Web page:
To measure absenteeism, you will use the same tactics that you’d use to measure ROI. Track the number of sick days taken by both participants and nonparticipants in your wellness program. Compare these numbers as a whole, per employee, and the rate of change in each population. This will help you determine your wellness program’s impact on productivity.

Turnover Rate and Employee Engagement

Additionally, we have identified several instances where wellness initiatives have effectively decreased turnover rate and improved employee engagement. Again, the impact that this has on your company’s bottom line can be tremendous.

Unlike absenteeism, however, this metric is extremely fungible or convertible. With something like sick days, it’s pretty easy to draw a straight line from a wellness initiative to your desired outcome. With turnover rate and engagement, however, a wellness program is usually one of many factors that go into your final output.

Here are a few ways you can measure employee engagement and turnover rate as a function of your wellness initiatives:

  • Measure turnover rate by population and compare turnover percentages, as well as changes in turnover rate year-over-year.
  • Send out regular surveys to participants in your wellness programs to ask about their satisfaction with your wellness offerings.
  • Send out regular surveys to your entire organization measuring overall satisfaction in the workplace. Compare satisfaction by population.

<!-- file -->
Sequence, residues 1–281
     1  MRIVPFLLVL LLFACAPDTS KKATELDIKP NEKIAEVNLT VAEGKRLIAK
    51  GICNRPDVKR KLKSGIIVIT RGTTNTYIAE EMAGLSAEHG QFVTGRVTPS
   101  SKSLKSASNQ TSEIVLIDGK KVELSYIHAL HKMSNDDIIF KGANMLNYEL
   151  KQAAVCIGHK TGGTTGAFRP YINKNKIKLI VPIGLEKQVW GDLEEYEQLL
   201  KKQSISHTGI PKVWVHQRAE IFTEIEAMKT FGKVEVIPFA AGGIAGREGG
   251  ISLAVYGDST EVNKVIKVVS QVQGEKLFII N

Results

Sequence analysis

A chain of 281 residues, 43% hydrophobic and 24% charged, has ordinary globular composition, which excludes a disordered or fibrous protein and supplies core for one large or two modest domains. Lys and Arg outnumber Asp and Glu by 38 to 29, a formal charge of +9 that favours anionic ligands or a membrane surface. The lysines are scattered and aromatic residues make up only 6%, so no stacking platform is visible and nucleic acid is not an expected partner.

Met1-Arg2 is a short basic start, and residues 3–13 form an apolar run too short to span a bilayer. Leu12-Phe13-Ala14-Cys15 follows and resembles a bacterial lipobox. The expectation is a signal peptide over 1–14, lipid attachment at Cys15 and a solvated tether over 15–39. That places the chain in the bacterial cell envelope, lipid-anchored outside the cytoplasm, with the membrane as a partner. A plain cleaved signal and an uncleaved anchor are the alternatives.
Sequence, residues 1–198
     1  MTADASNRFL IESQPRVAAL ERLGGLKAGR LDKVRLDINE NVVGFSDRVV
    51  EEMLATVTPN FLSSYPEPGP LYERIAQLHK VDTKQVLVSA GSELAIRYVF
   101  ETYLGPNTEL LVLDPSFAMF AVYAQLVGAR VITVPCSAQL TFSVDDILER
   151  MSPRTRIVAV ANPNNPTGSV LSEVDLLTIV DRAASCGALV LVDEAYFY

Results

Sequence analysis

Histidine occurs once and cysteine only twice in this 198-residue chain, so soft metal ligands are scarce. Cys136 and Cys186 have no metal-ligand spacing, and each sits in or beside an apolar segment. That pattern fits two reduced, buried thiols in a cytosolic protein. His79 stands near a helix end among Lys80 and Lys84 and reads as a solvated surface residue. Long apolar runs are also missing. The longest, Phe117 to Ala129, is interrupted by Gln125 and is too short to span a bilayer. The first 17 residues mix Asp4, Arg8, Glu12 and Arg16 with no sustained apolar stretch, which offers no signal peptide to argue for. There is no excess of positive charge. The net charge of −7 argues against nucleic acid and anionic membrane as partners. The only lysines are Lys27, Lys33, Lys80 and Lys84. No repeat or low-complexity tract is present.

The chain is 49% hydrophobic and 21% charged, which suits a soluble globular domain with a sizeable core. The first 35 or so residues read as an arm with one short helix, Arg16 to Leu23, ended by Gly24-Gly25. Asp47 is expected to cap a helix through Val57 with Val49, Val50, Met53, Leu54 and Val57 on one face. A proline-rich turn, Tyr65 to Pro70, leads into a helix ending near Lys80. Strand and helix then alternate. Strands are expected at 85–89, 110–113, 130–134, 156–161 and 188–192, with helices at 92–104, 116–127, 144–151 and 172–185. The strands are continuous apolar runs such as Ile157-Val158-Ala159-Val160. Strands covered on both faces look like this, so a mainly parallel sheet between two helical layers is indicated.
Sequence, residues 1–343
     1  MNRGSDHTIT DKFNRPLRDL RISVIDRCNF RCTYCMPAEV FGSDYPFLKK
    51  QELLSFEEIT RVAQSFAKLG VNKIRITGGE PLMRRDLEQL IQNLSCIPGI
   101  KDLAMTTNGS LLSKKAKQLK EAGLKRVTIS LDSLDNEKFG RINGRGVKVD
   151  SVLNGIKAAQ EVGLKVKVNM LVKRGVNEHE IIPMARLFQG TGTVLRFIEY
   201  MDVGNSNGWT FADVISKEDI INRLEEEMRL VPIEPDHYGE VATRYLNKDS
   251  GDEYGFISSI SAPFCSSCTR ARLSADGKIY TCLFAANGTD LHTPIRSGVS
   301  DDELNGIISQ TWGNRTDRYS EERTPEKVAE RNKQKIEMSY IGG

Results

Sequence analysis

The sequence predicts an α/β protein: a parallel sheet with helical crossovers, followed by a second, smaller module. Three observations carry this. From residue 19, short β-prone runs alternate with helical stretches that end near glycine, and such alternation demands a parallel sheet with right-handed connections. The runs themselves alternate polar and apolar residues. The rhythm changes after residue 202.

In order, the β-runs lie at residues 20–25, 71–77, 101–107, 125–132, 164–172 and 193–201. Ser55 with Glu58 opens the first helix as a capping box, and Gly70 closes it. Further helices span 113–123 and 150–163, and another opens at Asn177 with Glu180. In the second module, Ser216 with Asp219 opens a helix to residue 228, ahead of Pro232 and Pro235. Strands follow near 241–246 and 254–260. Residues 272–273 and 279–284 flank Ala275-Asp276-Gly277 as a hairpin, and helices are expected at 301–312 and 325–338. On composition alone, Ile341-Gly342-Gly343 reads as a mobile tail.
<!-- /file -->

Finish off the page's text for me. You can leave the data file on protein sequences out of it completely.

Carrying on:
• During exit interviews, ask questions like “What will you miss the most about our organization,” and see how many people mention the wellness program.

Future Risk Factors

The value of wellness doesn’t end with your historic costs. In fact, most of the true “return” on today’s wellness initiatives comes in the form of health savings years down the road. The single most important thing that you can do with your wellness program is move at-risk members out of the high-risk categories.

According to the Harvard Business Review, in one case, 57% of people with high health risk reached low-risk status by completing a worksite cardiac rehabilitation and exercise program.

Unfortunately, this is the most convertible statistic of all, which is why we highly recommend leveraging a health analytics software in order to more effectively measure the return on your investment.

Looking Back Versus Looking Forward: How Forecasting Tools Can Present More Accurate Data on Return

At Total Wellness, we talk a lot about the difference between leading and lagging indicators. Lagging indicators like ROI or VOI can show you how effective your programs were last year, but they struggle to predict what impact you could be having on future healthcare costs. That’s where leveraging software can be extremely beneficial. 

If you’re not able to answer the following questions, you should probably consider a software partner to help you track your wellness program:

  • In the next 12 months, how are healthcare costs for each of these populations projected to change?
  • What gaps in care exist within those populations, and how can you more effectively close them? What impact will this have on overall ROI?
  • What does your “at-risk” population look like? How many individuals have you moved from “high-risk” to “low-risk” in the past year, and how many are you forecasted to move this year?
  • How are the “unknown” members of your population (i.e., the unengaged or those onboarded after your wellness program was launched) impact future costs?